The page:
The Jesuit Centre for Faith and Justice works to combat injustice and marginalisation in Irish society, through social analysis, education and advocacy. The Centre highlights complex social issues, informs opinion and advocates for governmental policy change to create a fair and equitable society for all.
Economic justice is perhaps the fulcrum around which all social justice debates in contemporary society rotate. In our political discourse, every question of human flourishing seems to be reduced to bottom-line thinking. This focus on riches impoverishes our shared discourse and has serious negative consequences for society, as evidenced in the rise of populist political movements which source their discontent in the economic stagnation that affects many sectors of society.learn more
Environmental protection has emerged as a key element of social justice debates in recent decades. This has occurred in parallel to growing awareness of the negative impacts of our relationship with the natural environment, and of environmental degradation on vulnerable populations and future generations. Science has described the intricate web of relationships in which people play an active part. In the face of increasing environmental crises, the fundamental web of creation in which humanity finds itself requires a new respect, a new justice.learn more
The right to a safe and secure place to live is one of the most basic human rights, it is fundamental to enable people to live a dignified life. Without the security provided by having somewhere to live, physical and mental health is at risk. Accessing and maintaining employment is also extremely difficult when someone has nowhere to live. The Jesuit Centre for Faith and Justice has written a comprehensive policy paper, The Irish Housing System: Vision, Values, Reality, which provides the evidence and background to our work.learn more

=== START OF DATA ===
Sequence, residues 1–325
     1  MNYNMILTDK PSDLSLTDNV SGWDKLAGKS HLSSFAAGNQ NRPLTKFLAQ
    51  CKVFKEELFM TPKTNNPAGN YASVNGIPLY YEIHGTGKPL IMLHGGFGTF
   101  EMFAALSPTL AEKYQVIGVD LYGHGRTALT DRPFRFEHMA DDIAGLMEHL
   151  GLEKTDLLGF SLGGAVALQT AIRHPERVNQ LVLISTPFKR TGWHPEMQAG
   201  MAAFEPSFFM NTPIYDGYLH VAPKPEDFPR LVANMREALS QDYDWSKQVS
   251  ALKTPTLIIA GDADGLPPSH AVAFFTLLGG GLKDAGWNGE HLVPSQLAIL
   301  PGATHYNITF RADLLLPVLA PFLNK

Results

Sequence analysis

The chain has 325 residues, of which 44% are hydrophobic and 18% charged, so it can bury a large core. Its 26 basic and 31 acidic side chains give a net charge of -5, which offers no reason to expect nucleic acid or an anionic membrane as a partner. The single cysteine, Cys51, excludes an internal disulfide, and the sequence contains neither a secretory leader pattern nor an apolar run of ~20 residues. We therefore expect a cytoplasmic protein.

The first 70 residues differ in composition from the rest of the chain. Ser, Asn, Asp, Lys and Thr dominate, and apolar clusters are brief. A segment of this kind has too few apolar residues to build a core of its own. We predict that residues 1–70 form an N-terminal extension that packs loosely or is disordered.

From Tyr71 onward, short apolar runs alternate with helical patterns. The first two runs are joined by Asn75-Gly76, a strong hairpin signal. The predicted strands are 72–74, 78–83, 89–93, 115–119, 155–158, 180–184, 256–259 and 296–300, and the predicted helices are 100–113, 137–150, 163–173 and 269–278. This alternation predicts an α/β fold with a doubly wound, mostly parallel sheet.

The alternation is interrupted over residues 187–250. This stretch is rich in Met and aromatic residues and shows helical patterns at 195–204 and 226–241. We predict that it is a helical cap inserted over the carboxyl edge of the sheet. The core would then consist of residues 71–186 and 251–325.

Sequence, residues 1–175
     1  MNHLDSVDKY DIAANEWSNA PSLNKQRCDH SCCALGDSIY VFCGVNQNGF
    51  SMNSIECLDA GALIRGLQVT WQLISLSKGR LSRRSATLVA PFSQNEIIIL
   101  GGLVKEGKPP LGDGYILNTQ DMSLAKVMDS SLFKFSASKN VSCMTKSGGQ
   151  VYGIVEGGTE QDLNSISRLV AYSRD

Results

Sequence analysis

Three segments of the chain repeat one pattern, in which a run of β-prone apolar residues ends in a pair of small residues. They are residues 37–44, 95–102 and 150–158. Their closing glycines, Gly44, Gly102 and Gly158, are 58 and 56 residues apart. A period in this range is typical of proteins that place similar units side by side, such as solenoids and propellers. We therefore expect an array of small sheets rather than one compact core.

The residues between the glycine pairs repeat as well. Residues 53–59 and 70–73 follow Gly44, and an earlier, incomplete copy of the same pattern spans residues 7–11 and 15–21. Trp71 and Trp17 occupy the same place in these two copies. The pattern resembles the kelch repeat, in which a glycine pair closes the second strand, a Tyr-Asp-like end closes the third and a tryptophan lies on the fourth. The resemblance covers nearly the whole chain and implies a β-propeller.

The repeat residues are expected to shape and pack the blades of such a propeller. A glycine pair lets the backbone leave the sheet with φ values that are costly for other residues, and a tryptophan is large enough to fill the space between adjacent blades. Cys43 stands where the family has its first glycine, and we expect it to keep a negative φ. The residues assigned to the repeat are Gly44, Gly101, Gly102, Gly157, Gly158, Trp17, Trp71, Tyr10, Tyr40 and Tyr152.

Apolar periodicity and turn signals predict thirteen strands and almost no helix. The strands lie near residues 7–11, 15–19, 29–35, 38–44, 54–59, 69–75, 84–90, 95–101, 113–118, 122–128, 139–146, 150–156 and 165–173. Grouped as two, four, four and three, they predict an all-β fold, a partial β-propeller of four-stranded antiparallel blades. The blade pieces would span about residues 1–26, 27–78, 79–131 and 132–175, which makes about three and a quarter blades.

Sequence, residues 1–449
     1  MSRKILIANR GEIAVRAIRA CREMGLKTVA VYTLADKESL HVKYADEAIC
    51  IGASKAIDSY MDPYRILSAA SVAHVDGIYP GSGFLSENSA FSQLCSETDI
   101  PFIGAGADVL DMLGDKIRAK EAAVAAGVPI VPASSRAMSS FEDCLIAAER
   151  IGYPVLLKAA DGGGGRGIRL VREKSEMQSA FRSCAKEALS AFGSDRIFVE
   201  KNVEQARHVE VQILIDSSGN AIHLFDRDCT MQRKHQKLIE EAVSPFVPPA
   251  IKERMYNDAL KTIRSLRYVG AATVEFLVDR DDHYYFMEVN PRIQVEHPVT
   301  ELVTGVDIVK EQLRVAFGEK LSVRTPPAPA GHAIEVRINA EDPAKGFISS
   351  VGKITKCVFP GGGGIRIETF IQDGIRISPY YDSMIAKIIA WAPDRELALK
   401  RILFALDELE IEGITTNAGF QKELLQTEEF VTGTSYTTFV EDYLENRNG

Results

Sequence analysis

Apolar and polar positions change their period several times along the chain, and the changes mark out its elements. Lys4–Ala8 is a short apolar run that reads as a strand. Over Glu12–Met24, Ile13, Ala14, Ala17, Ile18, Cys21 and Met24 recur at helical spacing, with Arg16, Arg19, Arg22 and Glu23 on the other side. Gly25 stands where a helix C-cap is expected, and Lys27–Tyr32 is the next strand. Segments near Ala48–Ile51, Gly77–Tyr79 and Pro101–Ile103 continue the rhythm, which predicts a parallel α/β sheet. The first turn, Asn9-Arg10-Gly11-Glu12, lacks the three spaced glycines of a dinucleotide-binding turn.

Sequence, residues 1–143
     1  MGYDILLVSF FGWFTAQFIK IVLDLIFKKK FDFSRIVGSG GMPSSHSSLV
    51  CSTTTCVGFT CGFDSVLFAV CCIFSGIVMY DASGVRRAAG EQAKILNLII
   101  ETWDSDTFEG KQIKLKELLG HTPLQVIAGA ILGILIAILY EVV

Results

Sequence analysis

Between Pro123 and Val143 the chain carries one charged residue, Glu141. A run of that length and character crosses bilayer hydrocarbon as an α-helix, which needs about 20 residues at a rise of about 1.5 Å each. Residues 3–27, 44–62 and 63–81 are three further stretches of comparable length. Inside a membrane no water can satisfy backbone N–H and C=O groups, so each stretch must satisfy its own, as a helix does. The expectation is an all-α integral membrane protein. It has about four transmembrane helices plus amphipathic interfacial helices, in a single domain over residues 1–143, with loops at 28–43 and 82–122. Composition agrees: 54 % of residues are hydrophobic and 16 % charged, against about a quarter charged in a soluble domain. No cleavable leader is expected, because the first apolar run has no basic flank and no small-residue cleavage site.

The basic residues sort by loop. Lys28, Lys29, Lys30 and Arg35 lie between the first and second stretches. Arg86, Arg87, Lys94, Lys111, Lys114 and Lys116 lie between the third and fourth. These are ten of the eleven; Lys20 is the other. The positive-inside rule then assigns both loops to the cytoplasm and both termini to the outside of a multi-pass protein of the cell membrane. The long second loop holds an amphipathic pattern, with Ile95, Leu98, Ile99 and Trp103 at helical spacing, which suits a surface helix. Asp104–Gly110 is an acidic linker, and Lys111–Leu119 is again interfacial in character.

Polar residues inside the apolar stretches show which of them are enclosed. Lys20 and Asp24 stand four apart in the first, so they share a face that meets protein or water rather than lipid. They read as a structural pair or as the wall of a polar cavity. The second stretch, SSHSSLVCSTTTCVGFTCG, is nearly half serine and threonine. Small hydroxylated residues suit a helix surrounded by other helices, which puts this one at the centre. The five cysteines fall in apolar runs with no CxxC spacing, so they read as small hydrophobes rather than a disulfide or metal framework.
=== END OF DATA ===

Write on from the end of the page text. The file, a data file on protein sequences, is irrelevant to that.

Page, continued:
The majority of people in prison have difficulties with literacy and learning due to being early school-leavers, and have a history of unemployment. Many endure mental illness and are dependent drugs or alcohol. A substantial number have been homeless at some stage in their lives. So prisons function as warehouses filled with people on the periphery of and rejected by society. When viewed through this lens, it becomes apparent that people in prison are among the most marginalised and vulnerable in the country.learn more
The work of the JCFJ – whether dealing with housing, the economy, the environment, or criminal justice – is always informed by our Christian commitment. The unique aspect to our work is the extent to which we develop our positions in dialogue with Catholic Social teaching and Ignatian practices.learn more